Patent Reform 2009: More on Damages

Guest Post by Richard Cauley. Cauley is the author of the recent Oxford Press book titled Winning the Patent Damages Case: A Litigator’s Guide to Economic Models and Other Damage Strategies. I asked him to provide some thoughts on the damages proposals in the Patent Reform Act of 2009. Cauley.jpg

The damages provisions of the Patent Reform Act of 2009 are not new, nor, in an economic sense, are they particularly controversial. Although their introduction in this legislation may create a political firestorm among those who wish to artificially maximize the economic leverage of patentholders both in court and across the bargaining table, the solutions proposed in the latest attempt at patent reform merely reflect – and attempt to measure – the true economic worth of a patent and the reasonable return to which an inventor is entitled.

What these damages provisions (all of which were contained in the various versions of the failed Patent Reform Act of 2007) attempt to accomplish is to force the court to limit the patentholder’s recovery to the real economic worth of an invention – for example, to a company who might want to license that invention to use in another product or to a consumer who might purchase a product because of that very invention.

Thus, the section limiting the application of the entire market value rule to situations in which the actual invention – the advance over the prior art – forms the basis of consumer demand compensates the inventor only to the extent his invention produces something that people actually want to buy.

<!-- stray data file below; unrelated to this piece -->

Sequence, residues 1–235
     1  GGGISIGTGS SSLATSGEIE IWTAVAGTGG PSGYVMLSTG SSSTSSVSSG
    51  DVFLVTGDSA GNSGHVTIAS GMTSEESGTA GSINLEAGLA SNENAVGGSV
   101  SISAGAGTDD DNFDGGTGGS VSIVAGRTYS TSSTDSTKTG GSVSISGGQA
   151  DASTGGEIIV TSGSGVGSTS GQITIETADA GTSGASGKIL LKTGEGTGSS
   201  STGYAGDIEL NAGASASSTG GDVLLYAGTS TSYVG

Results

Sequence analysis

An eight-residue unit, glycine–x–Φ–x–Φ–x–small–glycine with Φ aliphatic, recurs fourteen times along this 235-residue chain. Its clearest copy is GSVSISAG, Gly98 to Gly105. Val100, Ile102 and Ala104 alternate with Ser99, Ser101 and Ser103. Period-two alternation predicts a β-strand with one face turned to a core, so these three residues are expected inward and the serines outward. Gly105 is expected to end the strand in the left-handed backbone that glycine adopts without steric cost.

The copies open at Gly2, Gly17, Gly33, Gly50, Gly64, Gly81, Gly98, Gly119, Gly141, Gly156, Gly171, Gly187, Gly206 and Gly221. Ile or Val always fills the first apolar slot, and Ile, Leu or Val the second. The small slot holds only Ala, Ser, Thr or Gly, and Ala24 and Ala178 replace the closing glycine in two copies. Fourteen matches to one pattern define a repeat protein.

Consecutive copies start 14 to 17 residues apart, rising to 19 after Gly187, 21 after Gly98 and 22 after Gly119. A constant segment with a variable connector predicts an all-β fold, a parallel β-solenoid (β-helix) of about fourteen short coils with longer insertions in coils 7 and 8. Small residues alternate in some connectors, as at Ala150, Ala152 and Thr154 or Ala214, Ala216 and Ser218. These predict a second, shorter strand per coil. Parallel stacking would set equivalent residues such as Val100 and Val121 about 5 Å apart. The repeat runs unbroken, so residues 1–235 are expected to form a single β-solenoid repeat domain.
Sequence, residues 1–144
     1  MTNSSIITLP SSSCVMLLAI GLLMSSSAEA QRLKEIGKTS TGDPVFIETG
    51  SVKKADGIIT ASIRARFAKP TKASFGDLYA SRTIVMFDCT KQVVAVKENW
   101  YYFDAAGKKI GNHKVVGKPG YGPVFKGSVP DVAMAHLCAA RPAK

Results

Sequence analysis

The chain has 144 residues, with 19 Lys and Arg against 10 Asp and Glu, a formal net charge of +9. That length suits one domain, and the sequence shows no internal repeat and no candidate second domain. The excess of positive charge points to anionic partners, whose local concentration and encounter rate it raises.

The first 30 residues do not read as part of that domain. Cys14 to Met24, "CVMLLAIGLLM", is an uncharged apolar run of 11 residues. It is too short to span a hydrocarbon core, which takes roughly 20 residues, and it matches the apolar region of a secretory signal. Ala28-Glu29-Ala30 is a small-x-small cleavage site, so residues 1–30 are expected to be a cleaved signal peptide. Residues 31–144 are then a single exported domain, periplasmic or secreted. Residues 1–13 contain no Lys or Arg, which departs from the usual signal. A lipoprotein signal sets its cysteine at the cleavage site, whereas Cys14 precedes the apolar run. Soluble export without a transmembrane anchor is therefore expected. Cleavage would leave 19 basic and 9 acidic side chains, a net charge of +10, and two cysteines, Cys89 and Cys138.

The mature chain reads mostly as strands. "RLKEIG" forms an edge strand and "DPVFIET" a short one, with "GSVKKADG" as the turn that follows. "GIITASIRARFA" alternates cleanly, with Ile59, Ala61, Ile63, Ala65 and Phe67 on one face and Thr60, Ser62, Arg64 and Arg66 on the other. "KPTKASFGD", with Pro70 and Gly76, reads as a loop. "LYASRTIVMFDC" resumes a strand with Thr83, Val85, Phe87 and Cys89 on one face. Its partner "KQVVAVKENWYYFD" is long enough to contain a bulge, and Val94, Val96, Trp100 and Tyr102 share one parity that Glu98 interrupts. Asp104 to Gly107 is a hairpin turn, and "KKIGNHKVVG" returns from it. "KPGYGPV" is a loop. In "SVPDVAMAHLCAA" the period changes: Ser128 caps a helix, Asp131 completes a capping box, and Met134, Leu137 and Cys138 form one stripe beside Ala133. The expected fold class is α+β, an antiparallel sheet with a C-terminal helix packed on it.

This section also ensures that patents on relatively minor components are not given a value in excess of their real economic worth. Where the patent does not cover something critically important to the consumer, the provision limits the patentholder’s recovery to the value of that component to the customer – and precludes a recovery based on the entire product, which may include many other patented components.

Likewise, the section requiring the court to determine whether there is already a “market price” for licensing the patent – in the form of pre-existing licenses for similar patent rights – simply measures how much a prospective licensee would be willing to pay on the open market for the right to use the patent. Of course, this is what the reasonable royalty remedy is supposed to measure.

The purpose of these provisions is obvious. First, they will limit the ability of patentholders, primarily patent trolls, to recover damages in patent litigation far in excess of the actual economic value of those patents. More importantly, however, they will reduce the threat of such inflated damages awards – a threat such plaintiffs use as leverage in licensing campaigns and settlement negotiations to secure recoveries far exceeding the worth these patents really have to the prospective licensees.

The problem with these proposed statutes, then is not their objective – to give patents the value they actually deserve – but the implementation. As written, these provisions are a judicial nightmare. They require the court to conduct a kind of “damages Markman” in which the court must decide, before giving the case to the jury, the economic value of the patent’s “specific contribution over the prior art,” the “basis” for the “market demand” for an infringing process, the “relevant market” for a claimed invention and whether that market has “similar noninfringing substitutes” for the claimed invention. Apparently, the court is also supposed to make the economic decision of which Georgia Pacific factors the jury is allowed to consider.